long thought to have been by James Abbot McNeill Whistler (1834–1903). Pastel. (1903). Source: Menpes, "Reminiscences of Whistler."[Click on image to enlarge it.]
In fact, this is a problematic pastel, which was thought to be by Whistler because it was either in his studio when he died in 1903, or was owned by one of his close associates. Entitled The Grand Canal, Venice, it is now in the Smithsonian's Freer Gallery of Art (Accession Number F1904.88a-c), where the label reads: "We know that many of the artists Whistler worked with in Venice drew Whistlerian pastels of the city, and that Whistler owned Venice pastels by at least one of them, a fact that friends like Thomas Robert Way, who helped settle Whistler's estate, may not have realized. It is possible that Way or another associate found this pastel in Whistler's studio, assumed it was by Whistler, and added the butterfly monogram to make it more saleable." Many thanks to Professor Margaret Macdonald for drawing this to our attention.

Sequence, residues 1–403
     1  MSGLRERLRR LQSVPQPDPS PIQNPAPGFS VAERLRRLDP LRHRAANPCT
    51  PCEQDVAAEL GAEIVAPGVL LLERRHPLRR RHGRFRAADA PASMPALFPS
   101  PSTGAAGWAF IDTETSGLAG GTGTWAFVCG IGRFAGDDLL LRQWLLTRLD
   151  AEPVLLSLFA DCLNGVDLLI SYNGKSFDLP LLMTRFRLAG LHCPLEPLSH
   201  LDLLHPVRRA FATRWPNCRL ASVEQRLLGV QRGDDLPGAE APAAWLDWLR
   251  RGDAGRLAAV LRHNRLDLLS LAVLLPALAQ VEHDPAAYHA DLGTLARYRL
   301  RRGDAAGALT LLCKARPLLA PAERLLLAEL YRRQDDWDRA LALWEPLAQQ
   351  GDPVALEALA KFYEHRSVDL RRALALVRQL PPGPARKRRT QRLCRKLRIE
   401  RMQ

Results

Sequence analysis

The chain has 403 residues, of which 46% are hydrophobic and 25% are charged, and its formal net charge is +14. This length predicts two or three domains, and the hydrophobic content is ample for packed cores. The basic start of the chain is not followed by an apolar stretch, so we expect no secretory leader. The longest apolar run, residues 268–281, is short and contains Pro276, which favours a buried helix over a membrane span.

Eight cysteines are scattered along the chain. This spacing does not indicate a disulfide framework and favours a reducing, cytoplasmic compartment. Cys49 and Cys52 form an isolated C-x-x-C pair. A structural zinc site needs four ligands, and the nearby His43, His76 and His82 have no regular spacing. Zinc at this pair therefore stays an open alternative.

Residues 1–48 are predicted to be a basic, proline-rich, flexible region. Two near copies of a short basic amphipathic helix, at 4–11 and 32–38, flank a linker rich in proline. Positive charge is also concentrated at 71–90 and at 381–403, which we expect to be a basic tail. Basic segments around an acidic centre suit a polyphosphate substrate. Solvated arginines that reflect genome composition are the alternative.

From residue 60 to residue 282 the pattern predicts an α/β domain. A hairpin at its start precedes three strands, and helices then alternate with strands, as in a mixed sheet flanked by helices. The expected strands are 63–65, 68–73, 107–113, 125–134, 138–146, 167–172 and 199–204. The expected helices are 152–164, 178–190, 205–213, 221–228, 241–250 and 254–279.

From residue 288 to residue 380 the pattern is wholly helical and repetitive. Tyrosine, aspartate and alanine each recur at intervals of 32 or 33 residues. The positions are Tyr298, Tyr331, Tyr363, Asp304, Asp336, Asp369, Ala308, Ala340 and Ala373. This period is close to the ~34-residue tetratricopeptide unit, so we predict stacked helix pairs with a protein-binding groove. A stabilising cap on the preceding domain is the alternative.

Text and formatting by George P. Landow, updated by Jacqueline Banerjee, with thanks to Professor Margaret MacDonald for her useful information. You may use the image without prior permission for any scholarly or educational purpose as long as you (1) credit the Internet Archive and (2) link your document to this URL in a web document or cite the Victorian Web in a print one.]
The Grand Canal, Venice. Freer Gallery of Art and Arthur M. Sackler Gallery, the Smithsonian’s National Museum of Asian Art. Web. 23 January 2021.
MacDonald, Margaret F. and Grischka Petri. James McNeill Whistler: The paintings, a catalogue raisonné. University of Glasgow, 2020; click here to visit the website.
Menpes, Dorothy. "Reminiscences of Whistler by Mortimer Menpes." The Studio 29 (1903): 245-45. Internet Archive. Web. 12 January 2012.
Last modified 23 February 2021